“Why does she want coins for bones?” a little boy asked.

His mother shushed him as if she could erase his curiosity with her firmly placed index finger. “We will not talk about the witches.”

“I want to be a witch, mommy,” said the curious boy’s sister. “I want to buy a bone.”

“You will do none of those things.”

The little girl was not satiated. “But no one ever buys her bones mother. How shall we know what they do?”

“They are bones. They are meant to be in the ground.”

The woman hurried her children along but the witch continued singing, “A dime for a femur, a nickel for a knee,” because though the curiosity of the children had stirred curiosity in the witch, she still had a job to do.

***

I met the witch when I was hungry, standing outside the bakery. The smell of freshly baked bread perfumed the air, and she came sing-songing down the street. “Two dimes for a femur, two nickels for a knee.”

“Excuse me, miss, but I must ask,” she stopped walking at the sound of my voice, “But why are the bones twice as much today?”

She smiled revealing black and gray teeth, she smiled revealing her soul. “Because you need them twice as much, of course, than you did any other day.”

She walked away from the freshly baked bread, down the street into an alleyway. My mind followed her, but my stomach protested, sounding off for a pastry.

I purchased my delicacy, but I was distracted and kept searching for the witch who’d disappeared. What kind of witch sells bones, I wondered. What kind of witch needs coins?

I walked to where her robes disappeared, into an alleyway– a narrow sliver, almost too small for one man. I stopped for a moment, then turned sideways, shoving myself towards the Badlands. There were overcast skies and naked trees, and cracked earth prickled by plants.

“There are bones in the Badlands,” said a creaky voice. I turned to see Bag of Bones on my right.

“Why do I need the bones?”  I asked.

“We all need the bones, or rather, what’s inside.”

“Marrow?”

She shook her head. “I know what you lost, someone you loved. I know many things.”

“I thought you were a witch.”

“Of sorts,” she said, reaching into her bag.

“No, I don’t want to—“

“If you see, you’ll understand.” She removed a flat, round locket and handed it to me. I touched the milky-white surface.

“Is this made of—“

“Bone,” she said, as if that were a normal thing.

“What is it?”

“It is a way to release what the world needs from bones.”

I opened the locket which revealed two words. On the left it said life; on the right it said death.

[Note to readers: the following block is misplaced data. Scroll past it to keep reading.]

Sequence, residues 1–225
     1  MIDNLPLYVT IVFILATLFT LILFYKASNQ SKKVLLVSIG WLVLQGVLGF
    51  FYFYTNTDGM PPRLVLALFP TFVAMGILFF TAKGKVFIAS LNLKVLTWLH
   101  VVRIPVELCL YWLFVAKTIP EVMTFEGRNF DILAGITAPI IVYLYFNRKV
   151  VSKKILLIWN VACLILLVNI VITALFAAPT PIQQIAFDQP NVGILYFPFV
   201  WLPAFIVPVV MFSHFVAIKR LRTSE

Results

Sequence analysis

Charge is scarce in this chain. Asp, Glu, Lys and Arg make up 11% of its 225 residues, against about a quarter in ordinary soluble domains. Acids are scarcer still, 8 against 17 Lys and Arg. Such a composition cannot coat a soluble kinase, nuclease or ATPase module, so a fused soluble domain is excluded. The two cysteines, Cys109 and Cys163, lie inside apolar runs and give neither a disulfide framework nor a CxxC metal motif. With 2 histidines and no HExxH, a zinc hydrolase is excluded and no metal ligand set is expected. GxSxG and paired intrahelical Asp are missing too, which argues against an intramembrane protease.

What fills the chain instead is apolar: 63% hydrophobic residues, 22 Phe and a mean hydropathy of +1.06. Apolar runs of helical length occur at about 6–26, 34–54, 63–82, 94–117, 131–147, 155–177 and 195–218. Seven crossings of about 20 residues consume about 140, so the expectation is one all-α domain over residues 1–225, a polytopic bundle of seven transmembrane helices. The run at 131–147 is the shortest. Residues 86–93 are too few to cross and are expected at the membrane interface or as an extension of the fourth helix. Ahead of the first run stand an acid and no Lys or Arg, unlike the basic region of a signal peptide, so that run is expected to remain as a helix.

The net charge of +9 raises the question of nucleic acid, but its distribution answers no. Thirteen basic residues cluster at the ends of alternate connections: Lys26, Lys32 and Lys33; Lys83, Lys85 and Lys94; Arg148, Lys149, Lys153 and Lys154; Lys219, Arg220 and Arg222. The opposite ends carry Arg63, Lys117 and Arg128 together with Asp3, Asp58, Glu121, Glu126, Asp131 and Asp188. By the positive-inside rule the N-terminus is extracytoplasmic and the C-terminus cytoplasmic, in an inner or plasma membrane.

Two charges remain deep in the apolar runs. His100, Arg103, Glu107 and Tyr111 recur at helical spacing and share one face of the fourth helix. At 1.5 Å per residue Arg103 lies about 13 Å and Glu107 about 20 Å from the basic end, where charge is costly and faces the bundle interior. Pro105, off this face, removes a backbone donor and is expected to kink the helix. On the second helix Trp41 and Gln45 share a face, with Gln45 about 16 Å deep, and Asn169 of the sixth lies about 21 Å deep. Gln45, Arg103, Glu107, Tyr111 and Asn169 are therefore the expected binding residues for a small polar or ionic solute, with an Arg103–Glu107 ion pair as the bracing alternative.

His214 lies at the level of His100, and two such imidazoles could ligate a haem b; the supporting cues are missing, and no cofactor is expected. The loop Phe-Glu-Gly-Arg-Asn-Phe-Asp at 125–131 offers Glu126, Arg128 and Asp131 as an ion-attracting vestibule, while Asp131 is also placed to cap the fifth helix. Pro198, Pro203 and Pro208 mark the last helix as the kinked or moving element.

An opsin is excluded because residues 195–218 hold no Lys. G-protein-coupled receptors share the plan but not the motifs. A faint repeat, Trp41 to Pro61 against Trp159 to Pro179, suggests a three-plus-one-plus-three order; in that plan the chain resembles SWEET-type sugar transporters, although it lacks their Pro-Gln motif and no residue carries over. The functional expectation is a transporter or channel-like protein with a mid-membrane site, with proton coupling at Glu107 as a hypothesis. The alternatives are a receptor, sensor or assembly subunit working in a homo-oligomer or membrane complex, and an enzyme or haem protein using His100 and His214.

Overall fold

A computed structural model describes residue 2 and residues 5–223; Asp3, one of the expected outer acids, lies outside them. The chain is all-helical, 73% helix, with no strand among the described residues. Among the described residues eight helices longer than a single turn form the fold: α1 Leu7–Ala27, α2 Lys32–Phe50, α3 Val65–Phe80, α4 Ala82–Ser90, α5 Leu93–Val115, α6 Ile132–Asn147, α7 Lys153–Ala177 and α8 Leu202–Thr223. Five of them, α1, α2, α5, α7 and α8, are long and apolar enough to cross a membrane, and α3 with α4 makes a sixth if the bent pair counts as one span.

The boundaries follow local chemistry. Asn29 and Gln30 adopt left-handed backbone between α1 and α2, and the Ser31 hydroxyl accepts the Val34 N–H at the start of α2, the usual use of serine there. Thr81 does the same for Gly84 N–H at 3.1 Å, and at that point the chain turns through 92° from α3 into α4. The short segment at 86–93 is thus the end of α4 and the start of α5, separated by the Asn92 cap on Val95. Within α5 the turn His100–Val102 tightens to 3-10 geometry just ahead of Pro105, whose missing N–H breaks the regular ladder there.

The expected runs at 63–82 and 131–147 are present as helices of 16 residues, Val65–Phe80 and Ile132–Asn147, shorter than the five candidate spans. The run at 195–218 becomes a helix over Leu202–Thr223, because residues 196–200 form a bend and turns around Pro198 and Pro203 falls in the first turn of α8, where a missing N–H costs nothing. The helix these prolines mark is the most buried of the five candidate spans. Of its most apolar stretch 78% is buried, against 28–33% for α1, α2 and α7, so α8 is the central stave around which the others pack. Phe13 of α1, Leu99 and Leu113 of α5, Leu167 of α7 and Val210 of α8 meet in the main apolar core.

“What do these words mean?”

She took the locket and looked toward the Badlands. “There are bones in my purse. There are bones in the Badlands. There are bones in our bodies. But what do these bones mean? They do not mean we are alive, because our bones are here when we die. They do not mean we are dead, because we are born with bones.”

“Perhaps they mean that we existed.”

“Precisely.” She paused. “Bones are given to us when we are born and we give them back when we die. The one you lost is gone, but not her bones.” She opened her bag and peeked in. “These bones belonged to mothers, fathers, daughters and sons. These people were loved and now they are missed. When you love someone, that love does not leave. It stays buried in their bones.”

I stare at her. “Can the bones bring back the lost?”

“What has perished has perished, but the love remains. With my locket you can release that love. It will continue into the world, a new baby receives, and perhaps she will grow to love. Perhaps she will lose, the way we all do, and release more love from more bones.”

“Your locket, it seems, can recycle love.”

“Precisely.”

I closed my eyes and remembered her, swirled in beauty and grace.  I pulled the coins in my pocket and said, “Tell me what I must do.”

“Purchase the bones, bury them near the lake. When you are done you are free.” She took a step forward, put her face near my ear. “But if perhaps, you want to help, you can bring me more bones from the Badlands.”

“And what do you do with the coins?” I asked.

She smiled, secretly, and I knew she would not say. “I buy more velvet bags.”

I gave her my coins; she gave me three bones. She smiled and turned on her feet. Her velvet bag rattled, the bone locket clanked, and Bag of Bones walked away.

Flash Fiction Friday

TheDarkRayne, Depths DeviantArt

TheDarkRayne, Depths DeviantArt

A Harmless Diversion

By Paige Duke

Something was different today. Bryn knew the moment she stepped into the lake. The waters felt expectant somehow; they shivered around her, where before they had exuded an almost narcotic calm. They had been waiting for her.

She waded in up to her knees, immune now to the way the water soaked and darkened the pure white lace of her dress. The first day she’d been so afraid Vanesh would be angry with her, but he was only pleased that she’d found the lake.